Comfort Items

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When we sheepdogs think about our gear, we spend a lot of time on the nuts and bolts: a sleep system, water storage and treatment, tools, defensive equipment, and so on. Those are all important -- often life-or-death important -- but it's also important to stash a few comfort items here and there. It's easy to forget that, in addition to saving lives, we're often in a position to save someone's sanity -- a survivor's, our own, or our team's -- and we should prepare for that, too.

My basecamp bag, in addition to the obvious survival gear, contains a case of decks of playing cards, several kinds of tea, a few chocolate bars, notebooks and pens, a portable Scrabble set (sorry, no dictionary, you'll have to duke it out), a book of bedtime stories, and a rotating stock of trinkets, toys, and snacks. A smaller subset of that (notebook, pens, a couple tea bags, one pack of cards, possibly chocolate) make it into the pack I carry as well. In a world where I'm fussing about the weight of my cookset, the compressability of my sleeping bag, and how many pairs of underwear I can afford to carry, that seems absurd to many people.

Whether I'm working disaster relief, or a missing person, or some other kind of call, there are humans involved. Once the emergencies are handled, the paperwork is filled out, and sleep is had, I, and my team, and (hopefully) one or more survivors has to get up tomorrow and do something. Then the day after that, and the day after that. The experiences we have when SHTF frame that next day, and those that follow. It's amazing how those experiences can be changed by little things.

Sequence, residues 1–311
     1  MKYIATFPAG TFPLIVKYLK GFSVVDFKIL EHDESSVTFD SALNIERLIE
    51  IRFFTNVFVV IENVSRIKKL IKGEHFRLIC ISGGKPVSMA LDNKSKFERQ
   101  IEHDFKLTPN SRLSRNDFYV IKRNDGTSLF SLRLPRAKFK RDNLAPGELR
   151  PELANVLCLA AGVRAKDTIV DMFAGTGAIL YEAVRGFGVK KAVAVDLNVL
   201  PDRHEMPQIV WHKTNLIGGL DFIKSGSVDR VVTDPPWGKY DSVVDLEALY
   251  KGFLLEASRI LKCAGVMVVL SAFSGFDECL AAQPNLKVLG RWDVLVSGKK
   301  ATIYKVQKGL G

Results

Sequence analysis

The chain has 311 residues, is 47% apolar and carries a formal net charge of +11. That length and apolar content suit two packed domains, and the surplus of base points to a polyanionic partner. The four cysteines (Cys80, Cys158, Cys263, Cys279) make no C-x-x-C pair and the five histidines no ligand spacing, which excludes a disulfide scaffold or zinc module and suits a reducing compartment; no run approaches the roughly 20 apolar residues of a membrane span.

I'll try to write a bit about processing incidents at some point in the future, but for the moment I want to talk about things -- objects, whether brought along or improvised -- and how they can impact our experience of bad situations.

  • Offering something concrete and familiar to someone who just had their reality shaken can be incredibly calming. Often, survivors feel like they've been whisked away to a bad action movie because whatever just happened or is happening is outside what they believed could happen. Some mundane thing like a cup of tea can be a focus to start the return to normal.

  • We all experience downtime at some point during most disasters. Non-sheepdogs, once treated and corralled somewhere safe, spend a lot of time waiting, and not knowing what to do with themselves. Sheepdogs often have to wait out a storm (sometimes in uncomfortable conditions), or wait to give an after-action report, or wait for an all-clear to go in. Idleness can be maddening, especially for someone who's adrenalized. Keeping folks busy can make downtime more manageable.

  • One of the most difficult parts of an incident for non-sheepdogs is often the feeling that they've lost their feeling of having control. When possible, giving survivors a job to do can jump-start their coping process by giving them the feeling that they've done something about the problem. Something as simple as handing one a story book to read to some kids can be incredibly powerful.